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Are Electrical Distributors Losing Ground to the Internet? Part II

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Are Electrical Distributors Losing Ground to the Internet? Part II

What’s a brick-and-mortar distributor to do when the nearest online competitor is one click away, Amazon Business is delving into electrical, and everyone thinks that they can sell lighting? They sharpen their pencils, dig in deep, and start proving their value in the virtual world.

 

In Part I of this article series, we looked at the various ways that distributors are losing ground to the Internet and why it’s happening in the first place. And while it may be easy enough to point a finger or two at the many different online retailers that are springing up, offering to sell lighting products cheaper and faster, the root of the problem may actually go much deeper than that.

In some cases, for example, distributors neglect to promote the valuable link that they occupy in the supply chain. When that happens, they turn into order-takers, versus valued partners.

“Distributors that sell on total value proposition—and not just on the price of the product—are the ones that customers have really latched onto for the long-term,” says Rock Kuchenmeister, general manager at K/E Electric Supply Co., in Mt. Clemens, Mich. “Those are the customers and contractors that benefit from the support that we provide.”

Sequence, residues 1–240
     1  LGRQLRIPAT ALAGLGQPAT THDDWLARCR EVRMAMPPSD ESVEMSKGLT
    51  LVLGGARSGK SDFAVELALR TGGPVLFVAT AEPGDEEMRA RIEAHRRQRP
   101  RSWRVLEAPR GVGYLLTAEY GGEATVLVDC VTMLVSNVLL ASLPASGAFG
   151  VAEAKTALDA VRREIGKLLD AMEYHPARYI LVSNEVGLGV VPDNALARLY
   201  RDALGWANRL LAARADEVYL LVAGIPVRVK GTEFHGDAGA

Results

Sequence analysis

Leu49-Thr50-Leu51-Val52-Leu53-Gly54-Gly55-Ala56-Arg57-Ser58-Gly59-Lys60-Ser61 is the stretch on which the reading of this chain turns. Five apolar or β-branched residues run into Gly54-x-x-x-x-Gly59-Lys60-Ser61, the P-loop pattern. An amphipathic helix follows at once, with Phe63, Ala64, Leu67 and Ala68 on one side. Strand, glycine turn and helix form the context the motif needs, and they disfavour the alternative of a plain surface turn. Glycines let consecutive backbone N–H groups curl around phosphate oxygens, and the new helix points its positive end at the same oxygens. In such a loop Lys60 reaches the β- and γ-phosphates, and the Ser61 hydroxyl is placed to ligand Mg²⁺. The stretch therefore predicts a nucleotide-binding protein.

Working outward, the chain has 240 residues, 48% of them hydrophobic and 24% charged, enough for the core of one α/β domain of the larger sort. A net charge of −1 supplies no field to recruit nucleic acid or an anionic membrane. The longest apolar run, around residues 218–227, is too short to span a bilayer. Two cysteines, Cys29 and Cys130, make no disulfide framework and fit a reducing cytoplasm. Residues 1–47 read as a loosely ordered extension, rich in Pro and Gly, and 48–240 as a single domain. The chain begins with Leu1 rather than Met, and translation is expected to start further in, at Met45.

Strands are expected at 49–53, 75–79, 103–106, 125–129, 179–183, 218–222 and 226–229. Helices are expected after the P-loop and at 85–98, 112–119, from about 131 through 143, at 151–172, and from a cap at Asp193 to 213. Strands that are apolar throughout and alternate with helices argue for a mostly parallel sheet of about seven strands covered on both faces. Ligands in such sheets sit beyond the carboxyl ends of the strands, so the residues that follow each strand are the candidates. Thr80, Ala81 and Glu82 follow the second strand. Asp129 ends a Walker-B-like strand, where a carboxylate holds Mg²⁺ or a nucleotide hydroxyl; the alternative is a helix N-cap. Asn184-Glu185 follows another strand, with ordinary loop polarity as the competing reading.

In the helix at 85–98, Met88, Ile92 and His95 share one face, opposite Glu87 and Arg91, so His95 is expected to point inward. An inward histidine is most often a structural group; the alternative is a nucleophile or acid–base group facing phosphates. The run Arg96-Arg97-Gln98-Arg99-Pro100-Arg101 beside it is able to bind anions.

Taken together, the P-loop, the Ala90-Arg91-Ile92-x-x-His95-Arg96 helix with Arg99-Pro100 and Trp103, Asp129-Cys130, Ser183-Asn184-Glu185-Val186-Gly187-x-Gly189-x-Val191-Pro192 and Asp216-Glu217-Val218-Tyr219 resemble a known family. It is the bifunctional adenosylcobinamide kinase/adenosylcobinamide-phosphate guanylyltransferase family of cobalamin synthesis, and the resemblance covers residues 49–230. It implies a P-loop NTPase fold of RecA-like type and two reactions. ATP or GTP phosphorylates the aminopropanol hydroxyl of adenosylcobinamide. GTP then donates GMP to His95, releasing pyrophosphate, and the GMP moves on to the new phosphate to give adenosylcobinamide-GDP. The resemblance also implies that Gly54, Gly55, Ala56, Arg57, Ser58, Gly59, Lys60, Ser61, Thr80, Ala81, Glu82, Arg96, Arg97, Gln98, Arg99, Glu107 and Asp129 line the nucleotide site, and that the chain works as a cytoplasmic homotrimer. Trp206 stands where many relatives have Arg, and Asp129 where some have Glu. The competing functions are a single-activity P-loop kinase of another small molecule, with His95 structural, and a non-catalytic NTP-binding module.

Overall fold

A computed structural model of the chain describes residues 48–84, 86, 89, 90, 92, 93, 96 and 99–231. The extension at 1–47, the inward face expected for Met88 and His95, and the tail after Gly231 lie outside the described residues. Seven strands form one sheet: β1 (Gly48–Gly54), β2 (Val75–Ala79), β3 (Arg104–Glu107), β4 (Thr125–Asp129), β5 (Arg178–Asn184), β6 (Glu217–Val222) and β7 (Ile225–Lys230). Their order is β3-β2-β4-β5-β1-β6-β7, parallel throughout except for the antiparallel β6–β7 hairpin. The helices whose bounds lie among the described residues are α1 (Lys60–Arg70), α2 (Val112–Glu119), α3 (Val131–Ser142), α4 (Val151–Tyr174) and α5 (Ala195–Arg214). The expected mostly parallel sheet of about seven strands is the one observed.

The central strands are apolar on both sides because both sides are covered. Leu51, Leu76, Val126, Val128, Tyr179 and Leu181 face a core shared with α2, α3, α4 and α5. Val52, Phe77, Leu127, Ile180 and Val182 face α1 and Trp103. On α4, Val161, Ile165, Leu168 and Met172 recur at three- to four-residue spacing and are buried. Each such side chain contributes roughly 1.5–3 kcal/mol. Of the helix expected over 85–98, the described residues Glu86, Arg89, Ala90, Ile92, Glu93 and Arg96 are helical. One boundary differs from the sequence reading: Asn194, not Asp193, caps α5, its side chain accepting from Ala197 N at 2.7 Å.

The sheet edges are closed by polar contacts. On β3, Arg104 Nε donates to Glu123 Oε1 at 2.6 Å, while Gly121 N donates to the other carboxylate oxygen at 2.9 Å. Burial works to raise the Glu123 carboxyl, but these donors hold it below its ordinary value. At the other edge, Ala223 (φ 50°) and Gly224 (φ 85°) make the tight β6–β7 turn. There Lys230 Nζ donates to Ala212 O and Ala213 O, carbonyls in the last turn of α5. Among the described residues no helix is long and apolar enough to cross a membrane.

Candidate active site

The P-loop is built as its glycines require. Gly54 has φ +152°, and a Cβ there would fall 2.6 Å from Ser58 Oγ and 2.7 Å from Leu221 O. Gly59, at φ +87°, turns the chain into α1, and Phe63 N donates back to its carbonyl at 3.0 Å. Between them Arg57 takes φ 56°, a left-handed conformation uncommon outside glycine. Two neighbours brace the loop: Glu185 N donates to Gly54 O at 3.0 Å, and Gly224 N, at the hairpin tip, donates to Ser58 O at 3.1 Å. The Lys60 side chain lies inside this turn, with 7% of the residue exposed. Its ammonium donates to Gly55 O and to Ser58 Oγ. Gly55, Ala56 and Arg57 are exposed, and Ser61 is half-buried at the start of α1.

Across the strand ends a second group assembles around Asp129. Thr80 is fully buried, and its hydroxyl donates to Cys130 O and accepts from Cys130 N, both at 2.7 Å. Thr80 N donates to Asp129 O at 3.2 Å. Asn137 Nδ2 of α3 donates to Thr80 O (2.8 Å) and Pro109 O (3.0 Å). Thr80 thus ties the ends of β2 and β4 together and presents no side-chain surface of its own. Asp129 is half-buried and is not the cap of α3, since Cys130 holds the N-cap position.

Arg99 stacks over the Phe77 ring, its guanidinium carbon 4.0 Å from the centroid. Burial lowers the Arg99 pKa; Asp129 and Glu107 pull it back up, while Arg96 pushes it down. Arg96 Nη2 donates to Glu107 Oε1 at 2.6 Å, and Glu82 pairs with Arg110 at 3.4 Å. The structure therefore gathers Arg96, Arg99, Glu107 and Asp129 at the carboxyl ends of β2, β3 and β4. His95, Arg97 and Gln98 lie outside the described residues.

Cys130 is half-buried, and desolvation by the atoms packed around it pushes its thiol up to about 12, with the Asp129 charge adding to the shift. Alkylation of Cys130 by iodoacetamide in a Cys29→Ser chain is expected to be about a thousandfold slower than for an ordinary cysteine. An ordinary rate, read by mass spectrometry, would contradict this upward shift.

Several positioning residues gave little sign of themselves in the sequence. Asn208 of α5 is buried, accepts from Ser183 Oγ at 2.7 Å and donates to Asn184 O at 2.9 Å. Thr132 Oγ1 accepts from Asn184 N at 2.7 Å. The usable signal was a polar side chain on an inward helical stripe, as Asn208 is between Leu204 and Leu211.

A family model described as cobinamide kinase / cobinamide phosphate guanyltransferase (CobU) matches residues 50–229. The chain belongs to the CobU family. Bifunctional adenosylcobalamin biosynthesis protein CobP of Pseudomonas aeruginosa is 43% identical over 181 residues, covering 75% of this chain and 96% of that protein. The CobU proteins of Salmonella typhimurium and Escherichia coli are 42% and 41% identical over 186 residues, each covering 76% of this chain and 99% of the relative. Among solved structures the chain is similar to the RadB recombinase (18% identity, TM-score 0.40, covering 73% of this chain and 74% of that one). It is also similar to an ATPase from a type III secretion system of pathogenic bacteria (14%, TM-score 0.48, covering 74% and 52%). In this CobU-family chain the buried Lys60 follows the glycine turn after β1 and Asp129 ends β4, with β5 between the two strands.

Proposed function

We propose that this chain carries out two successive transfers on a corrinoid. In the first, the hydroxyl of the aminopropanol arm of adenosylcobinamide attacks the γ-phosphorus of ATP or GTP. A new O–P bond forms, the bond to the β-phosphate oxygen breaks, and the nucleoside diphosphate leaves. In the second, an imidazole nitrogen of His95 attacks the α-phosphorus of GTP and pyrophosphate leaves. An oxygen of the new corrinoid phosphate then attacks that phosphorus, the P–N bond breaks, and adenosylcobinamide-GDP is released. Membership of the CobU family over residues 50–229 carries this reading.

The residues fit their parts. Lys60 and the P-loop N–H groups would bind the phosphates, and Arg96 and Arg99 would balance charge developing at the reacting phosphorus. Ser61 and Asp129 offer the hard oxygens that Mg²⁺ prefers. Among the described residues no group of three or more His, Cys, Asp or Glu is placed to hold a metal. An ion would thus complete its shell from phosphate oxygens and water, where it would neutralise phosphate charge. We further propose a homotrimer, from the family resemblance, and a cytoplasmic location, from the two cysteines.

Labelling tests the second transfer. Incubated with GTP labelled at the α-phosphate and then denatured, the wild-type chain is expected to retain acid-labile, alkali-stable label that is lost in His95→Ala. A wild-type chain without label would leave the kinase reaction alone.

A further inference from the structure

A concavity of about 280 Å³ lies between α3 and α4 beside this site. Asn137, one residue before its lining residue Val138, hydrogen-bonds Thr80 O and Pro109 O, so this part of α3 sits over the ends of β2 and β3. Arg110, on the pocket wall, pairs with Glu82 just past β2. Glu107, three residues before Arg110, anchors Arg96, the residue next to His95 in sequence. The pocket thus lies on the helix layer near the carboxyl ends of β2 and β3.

For now at least, contractors aren’t finding the same levels of support and service in the online world, where price, delivery, and availability trump all else. “The customers who buy online miss out on those value-added services and it winds up costing them more to do business,” says Kuchenmeister. “They’re having a harder time being profitable.” That’s because when the customer, distributor, and manufacturer partner work well together, everyone wins (and makes money).

“Anybody who tries to circumvent the chain—whether it’s the manufacturer going direct to market or a consumer going online and buying products,” says Kuchenmeister, “it seems like those manufacturers and consumers become less profitable.” And while this may be true, the reality is that some electrical products do lend themselves to a quick change of hands online, and at a lower price than a customer might be able to get from a brick-and-mortar seller. Products that are difficult to add value to—devices, for instance—don’t necessarily need middleman support or expertise.

“The residential contractor who used to walk into a Lowe’s or Home Depot to buy a case of duplex receptacles doesn’t need to be told that this duplex has a specific faceplate or that this one is easier to back-wire,” Kuchenmeister. “He’s just looking to grab some receptacles quickly and get back to the jobsite.”

And while LED lighting is a commodity that more online outlets are carrying, Kuchenmeister says such products don’t necessarily fall into the same “grab and go” category that devices and receptacles do. “As distributors, there’s still a lot of value that we can add to lighting,” he says, “particularly in terms of project management on both the lighting and the power distribution side of things.” The same goes for wire, which is often specialized in nature and requires cutting and other services before it can be delivered to a customer’s jobsite.